I keep using the terms camping and backpacking interchangeably, I think that there’s much difference here as camping can be taken as car camping, glamping, etc. My short-term goal is to car camp; drive to a campsite, set up and spend a weekend somewhere exploring the local trails, attractions.

Amanda and I’s long-term goal is to backpack. The act of loading up everything you need in a pack and spending a weekend, week, weeks on a trail through hiking. PCT, AT, Grand Canyon. This requires good physical health, endurance, and experience to be done safely.

Our gear list reflects a backpacking preference, not only for longer-term goals but weight and storage space in our vehicles. Sure, we’ll take camp chairs with us and other bulky gear, but I didn’t want to invest in a 6P tent upfront and not have that flexibility. It’s also Fall, soon to be Winter here in Indiana and my selections reflect this.


Nemo Galaxi 2P

Amanda and I picked up a Nemo Galaxi 2P from our local REI store. Weighing in at 6lbs packed, it’s a perfect tent for two people that is backpackable. It’s my first “real tent”, coming in at ~$200 I find it much more functional, and comfortable than the garden variety Walmart tents that I’m used to.

Sleeping System

REI Co-op Siesta 30 Double Sleeping Bag

We settled on an REI couple’s sleeping bag that can be unzipped and used as two separate bags. It’s basically two Siesta 30s zipped together, which represents a $50 cost savings vs buying separately. It’s only rated to 30F with mixed reviews at colder temperatures, but an extra quilt since we are car camping early on should make it toasty.

Therm-a-Rest Z Lite SolKlymit Insulated Static V LITE

If my young teen year’s experience of freezing during a Boy Scout fall camp taught me anything, the ground wants to suck all the heat out of you and kill you. Sleeping bags compress under the weight of your body and provide little to no insulation on the ground, our largest known heatsink. This is so important, that I decided against the R1.1 sleeping pad that I originally had on my list and went with a more expensive R4.4 insulated pad.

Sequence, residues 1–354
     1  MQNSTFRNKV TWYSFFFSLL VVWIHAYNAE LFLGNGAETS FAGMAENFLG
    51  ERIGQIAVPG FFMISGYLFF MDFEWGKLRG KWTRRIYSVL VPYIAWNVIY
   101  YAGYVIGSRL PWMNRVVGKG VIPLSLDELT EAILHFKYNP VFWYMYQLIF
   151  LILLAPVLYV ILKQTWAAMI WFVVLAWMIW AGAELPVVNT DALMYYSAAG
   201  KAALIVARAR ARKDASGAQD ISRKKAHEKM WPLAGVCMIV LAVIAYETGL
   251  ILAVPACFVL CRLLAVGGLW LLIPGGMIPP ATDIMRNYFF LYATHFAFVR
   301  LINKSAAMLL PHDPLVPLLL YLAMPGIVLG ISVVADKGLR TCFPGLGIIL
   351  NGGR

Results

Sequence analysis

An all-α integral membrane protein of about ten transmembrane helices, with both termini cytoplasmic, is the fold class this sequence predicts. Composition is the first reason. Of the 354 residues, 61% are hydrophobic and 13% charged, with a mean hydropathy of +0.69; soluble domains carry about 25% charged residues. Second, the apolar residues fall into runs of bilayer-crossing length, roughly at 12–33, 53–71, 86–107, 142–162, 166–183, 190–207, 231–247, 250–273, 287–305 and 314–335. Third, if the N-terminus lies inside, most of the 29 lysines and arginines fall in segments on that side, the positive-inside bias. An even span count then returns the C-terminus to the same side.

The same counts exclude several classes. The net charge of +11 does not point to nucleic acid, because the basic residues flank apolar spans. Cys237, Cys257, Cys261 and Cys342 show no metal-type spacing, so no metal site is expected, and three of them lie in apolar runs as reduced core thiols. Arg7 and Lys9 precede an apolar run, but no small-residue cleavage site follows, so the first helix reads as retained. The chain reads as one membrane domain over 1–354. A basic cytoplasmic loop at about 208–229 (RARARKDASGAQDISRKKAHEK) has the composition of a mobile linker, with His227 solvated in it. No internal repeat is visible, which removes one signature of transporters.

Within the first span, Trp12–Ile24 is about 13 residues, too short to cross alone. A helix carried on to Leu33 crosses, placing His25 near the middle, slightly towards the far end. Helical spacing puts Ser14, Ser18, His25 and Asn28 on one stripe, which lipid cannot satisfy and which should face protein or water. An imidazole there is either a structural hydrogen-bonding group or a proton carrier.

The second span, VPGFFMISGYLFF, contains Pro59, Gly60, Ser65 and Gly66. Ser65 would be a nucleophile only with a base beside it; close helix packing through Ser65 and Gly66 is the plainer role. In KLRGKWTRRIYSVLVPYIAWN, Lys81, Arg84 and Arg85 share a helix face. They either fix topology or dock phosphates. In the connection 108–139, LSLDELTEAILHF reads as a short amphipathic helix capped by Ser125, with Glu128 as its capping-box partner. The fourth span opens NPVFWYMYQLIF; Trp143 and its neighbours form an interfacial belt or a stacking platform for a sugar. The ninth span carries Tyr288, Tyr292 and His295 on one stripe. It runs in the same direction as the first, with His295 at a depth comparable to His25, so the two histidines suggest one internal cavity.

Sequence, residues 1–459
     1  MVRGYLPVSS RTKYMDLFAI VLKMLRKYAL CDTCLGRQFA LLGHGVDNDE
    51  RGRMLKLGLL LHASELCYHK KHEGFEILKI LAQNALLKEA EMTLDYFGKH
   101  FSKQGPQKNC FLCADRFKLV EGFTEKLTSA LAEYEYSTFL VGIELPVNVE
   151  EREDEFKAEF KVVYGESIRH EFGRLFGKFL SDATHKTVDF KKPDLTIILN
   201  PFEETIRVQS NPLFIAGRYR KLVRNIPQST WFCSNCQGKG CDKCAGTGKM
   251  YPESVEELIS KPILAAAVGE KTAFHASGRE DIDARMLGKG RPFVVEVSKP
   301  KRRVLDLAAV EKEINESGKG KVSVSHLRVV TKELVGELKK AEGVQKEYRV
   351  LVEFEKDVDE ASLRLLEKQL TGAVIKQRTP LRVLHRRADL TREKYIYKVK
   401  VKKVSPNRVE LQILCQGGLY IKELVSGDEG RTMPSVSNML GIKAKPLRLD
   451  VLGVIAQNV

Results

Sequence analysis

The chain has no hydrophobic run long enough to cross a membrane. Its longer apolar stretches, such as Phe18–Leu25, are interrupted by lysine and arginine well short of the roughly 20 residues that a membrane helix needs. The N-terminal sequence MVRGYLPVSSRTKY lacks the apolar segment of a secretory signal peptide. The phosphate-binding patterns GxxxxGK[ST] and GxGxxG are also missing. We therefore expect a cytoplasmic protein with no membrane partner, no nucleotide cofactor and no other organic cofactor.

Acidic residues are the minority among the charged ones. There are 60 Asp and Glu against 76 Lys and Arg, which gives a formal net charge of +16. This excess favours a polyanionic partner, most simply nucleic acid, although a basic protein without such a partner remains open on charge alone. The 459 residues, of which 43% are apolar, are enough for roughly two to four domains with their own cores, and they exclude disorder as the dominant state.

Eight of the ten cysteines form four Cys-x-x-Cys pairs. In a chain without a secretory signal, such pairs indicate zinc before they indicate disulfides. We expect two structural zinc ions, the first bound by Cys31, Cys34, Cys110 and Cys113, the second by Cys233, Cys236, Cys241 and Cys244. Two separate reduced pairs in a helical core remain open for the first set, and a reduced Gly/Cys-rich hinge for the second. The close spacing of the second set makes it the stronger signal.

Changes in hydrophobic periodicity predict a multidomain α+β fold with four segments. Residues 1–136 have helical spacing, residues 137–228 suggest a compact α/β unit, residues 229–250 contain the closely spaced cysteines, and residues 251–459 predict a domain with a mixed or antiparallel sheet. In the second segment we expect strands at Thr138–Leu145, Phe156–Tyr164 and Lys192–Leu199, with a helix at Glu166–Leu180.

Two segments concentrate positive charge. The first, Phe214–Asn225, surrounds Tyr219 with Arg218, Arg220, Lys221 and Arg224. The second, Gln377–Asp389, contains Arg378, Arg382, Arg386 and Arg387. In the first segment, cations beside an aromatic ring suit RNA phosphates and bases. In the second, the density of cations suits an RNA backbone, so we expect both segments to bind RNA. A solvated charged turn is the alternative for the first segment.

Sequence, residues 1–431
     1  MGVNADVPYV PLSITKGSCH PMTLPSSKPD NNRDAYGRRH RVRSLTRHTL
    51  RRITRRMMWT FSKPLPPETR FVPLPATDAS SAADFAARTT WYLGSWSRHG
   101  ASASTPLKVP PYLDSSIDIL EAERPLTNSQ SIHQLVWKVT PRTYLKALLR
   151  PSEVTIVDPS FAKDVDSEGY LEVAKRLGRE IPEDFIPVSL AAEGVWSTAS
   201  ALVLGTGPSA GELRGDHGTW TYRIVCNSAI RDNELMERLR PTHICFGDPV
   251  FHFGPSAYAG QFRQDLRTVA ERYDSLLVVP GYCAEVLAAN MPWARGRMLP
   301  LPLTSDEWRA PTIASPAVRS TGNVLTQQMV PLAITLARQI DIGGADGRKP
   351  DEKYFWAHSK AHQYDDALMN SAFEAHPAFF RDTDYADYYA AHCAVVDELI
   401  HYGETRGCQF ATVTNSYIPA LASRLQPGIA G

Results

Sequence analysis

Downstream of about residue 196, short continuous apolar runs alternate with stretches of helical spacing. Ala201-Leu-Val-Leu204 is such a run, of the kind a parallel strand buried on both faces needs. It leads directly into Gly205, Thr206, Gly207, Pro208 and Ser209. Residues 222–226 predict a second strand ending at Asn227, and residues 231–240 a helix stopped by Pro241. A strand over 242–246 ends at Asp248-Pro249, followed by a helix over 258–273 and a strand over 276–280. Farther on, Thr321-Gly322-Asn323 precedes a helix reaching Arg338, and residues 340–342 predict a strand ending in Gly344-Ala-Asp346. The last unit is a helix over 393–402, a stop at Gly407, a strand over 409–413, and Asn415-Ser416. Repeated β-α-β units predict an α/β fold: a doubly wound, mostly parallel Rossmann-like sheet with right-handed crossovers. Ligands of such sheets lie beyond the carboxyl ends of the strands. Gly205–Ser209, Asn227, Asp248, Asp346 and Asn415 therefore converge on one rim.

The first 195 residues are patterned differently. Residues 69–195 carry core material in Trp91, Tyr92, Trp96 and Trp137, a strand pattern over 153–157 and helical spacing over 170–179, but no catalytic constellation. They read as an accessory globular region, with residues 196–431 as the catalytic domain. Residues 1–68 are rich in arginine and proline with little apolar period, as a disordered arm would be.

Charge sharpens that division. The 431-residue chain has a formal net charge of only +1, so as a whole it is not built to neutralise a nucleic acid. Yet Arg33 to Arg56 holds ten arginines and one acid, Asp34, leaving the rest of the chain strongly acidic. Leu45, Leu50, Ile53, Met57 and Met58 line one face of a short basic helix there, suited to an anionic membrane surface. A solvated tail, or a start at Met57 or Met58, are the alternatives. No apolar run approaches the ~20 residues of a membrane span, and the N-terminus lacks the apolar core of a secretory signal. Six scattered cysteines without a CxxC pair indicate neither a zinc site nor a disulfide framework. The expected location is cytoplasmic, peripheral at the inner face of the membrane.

I went a step further, not wanting to rely solely upon an inflatable in case of puncture, and added a closed cell foam Z Lite. R-values are linear and stack, the foam pad is rated at 2.6, and the V LITE is at 4.4, equaling a combined R-value of 7.

I spent a few hours in the tent yesterday while it was raining and cold. The combination of the foam pad and inflatable was very comfortable, and the warmest part of my Sleep System; I could feel the heat radiating back at me, almost like I was cuddling someone. This is a critical piece of kit!

Cooking system

I kept our cooking and mess set barebones early on as it’s one of those things that are difficult to assess the need for before gaining experience. A glaring exclusion is a good water filter, I plan on using my Lifestraw bottle and we’ll have access to potable water while car camping. The mess set is nesting, which is great for size and weight. The French Press and Cook Set are inexpensive, yet a favorite of many. The camp stove can nest inside the Cook Set. Importantly, these are stainless steel. One should never boil in aluminum due to the risk of Alzheimer’s, or so I’m told.

We have a cooler we’ll take with us, along with a frying pan and other utensils for car camping.

Layering clothing system, footwear

I have footwear covered. My Ecco Tracks are a longtime favorite of mine and waterproof. I’ll pack along my trail runners as a backup. When snow is on the ground, I’ll reach for my Danners. I could use some winter socks, along with some inner socks to complete my footwear kit. Amanda needs to pick up a pair of shoes for camping.

As for layering clothing, I’m lacking in long underwear and a good coat for winter. I can get by with what I have now for Fall camping though. Staying warm and dry is paramount to any camping adventure and can help make winter camping fun.


Considering we are noobs at camping, I don’t mind “cheating” a little for comfort early on. We’ll be going to the forest in Brown Co with nighttime temperatures dipping into the low 20’s soon. The campgrounds I selected have electricity on site, I’ll be able to take one of my tiny heaters and an extension cord (fan based, safe for tent use).

Ah, I forgot my Fiskars X7 hatchet and folding saw. I’ve been watching some bushcraft videos and I’m excited to try out some of these new skills when building campfires. Anyway, these tools are pretty much ubiquitous so I don’t feel too bad not listing them.

I’m sure to be missing some things, and this list doesn’t include the essentials like my multi-tool, first aid kit, flashlights, etc but I don’t feel the need to document those. I kept our initial investment affordable (we’ve been saving for some time) and chose to not over gear, as what we’ll actually use will differ then what we think is needed (as with all things). And lastly, the things we kitted with are of good quality, which will maintain the resale value and last, which is better than buying new cheap gear each year.

Just a little over a week now.




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